On the relationships between CO2 emissions, energy consumption and income: The importance of time variation
Ahdi Noomen Ajmi,
Duc Khuong Nguyen and
João Ricardo Sato
Energy Economics, 2015, vol. 49, issue C, 629-638
The environment that governs the relationships between energy consumption, carbon dioxide (CO2) emissions and gross domestic product (GDP) in the G7 countries changes over time due to variations in economic growth, regulatory policy and technology. Using a novel approach that may detect causalities when the time-constant hypothesis is rejected, we find significant time-varying Granger causalities among the variables under consideration. There is bidirectional causality between GDP and energy consumption for Japan, unidirectional causality running from GDP to energy consumption for Italy, and unidirectional causality running from energy consumption to GDP for the resource country Canada. Moreover, the results also show a bidirectional time-varying causality between energy consumption and CO2 emissions for the United States, and causality from energy consumption to CO2 emissions for France. Finally, while we find significant time-varying causalities running from GDP to CO2 emissions for Italy and Japan, the finding of inverted N-shaped curves (Italy and Japan) lends no support to the traditional Environmental Kuznets Curve (EKC) hypothesis for these countries. It implies that environmental policy and economic growth should go hand in hand. Other policy implications of the empirical results have been proposed.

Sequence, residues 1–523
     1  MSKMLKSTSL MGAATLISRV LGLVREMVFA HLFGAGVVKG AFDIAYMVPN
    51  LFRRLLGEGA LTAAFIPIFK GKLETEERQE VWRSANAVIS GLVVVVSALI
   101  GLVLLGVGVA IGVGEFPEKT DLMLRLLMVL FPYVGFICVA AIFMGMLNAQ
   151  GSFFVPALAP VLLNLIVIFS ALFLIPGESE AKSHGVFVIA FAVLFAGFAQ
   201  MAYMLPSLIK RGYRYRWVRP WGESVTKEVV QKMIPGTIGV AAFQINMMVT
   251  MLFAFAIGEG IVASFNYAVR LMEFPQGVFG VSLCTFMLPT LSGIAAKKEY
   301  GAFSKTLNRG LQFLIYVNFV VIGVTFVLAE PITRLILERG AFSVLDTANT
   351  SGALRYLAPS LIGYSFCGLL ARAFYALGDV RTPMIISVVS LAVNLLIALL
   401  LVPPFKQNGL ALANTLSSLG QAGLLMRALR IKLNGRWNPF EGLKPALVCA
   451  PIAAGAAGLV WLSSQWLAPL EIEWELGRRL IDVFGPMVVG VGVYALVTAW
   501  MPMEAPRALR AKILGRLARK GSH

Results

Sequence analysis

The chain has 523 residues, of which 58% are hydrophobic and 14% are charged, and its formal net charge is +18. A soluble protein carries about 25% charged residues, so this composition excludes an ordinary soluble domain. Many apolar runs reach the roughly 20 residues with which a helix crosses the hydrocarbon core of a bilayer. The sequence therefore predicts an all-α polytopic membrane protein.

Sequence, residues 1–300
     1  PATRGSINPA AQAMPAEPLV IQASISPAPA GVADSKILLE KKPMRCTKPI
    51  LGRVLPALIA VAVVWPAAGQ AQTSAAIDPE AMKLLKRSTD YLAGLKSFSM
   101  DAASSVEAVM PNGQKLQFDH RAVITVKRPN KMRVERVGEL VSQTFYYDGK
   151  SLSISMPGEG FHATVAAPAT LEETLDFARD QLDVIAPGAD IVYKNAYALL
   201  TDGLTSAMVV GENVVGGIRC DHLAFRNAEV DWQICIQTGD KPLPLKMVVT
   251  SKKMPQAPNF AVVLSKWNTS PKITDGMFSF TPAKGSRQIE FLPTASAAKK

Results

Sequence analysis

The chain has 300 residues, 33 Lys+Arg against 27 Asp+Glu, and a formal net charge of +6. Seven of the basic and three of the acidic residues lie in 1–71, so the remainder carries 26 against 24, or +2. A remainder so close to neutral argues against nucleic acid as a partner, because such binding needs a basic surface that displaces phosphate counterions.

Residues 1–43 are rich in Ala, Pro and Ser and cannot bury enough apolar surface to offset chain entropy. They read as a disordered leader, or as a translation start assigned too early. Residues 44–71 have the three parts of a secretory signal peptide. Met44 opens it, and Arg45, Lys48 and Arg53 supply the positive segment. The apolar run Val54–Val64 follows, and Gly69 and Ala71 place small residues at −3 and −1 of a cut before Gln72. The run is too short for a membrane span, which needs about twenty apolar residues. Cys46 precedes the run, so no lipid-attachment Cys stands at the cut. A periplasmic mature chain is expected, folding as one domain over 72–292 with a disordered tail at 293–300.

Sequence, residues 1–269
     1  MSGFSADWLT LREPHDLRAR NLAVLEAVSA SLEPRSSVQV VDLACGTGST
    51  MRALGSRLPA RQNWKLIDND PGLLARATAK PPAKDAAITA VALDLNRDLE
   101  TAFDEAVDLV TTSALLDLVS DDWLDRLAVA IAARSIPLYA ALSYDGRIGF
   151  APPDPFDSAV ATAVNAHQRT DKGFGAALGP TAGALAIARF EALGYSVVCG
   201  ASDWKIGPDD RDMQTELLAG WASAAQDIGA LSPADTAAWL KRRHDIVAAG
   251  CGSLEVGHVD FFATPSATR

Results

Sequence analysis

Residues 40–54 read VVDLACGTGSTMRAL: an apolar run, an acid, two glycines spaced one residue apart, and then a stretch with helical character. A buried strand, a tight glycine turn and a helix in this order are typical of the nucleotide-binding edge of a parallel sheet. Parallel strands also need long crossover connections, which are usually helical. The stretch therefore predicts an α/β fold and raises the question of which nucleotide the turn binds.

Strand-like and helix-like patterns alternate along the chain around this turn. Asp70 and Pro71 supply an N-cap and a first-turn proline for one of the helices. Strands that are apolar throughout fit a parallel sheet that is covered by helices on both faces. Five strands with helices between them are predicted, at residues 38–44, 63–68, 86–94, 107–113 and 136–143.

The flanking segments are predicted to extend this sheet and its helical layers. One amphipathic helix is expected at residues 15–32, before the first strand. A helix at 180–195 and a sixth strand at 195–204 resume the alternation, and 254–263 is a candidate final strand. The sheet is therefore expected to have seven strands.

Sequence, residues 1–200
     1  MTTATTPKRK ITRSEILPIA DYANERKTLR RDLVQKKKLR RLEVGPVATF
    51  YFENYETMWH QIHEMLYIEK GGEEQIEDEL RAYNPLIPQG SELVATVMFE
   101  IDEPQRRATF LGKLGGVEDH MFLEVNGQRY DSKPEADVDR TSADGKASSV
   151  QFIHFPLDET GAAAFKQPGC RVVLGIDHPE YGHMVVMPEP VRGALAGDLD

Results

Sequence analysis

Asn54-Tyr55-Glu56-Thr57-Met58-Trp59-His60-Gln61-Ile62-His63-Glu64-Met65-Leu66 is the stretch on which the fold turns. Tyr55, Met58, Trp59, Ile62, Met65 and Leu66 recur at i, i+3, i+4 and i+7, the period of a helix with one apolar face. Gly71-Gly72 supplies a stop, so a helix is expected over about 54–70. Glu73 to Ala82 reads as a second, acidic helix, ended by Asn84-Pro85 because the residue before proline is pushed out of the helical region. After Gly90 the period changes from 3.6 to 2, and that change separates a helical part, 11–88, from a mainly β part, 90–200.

Keywords: Energy consumption; CO2 emissions; GDP; Causality; Inverted N-shaped EKC (search for similar items in EconPapers)
JEL-codes: Q47 (search for similar items in EconPapers)
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Persistent link: https://EconPapers.repec.org/RePEc:eee:eneeco:v:49:y:2015:i:c:p:629-638
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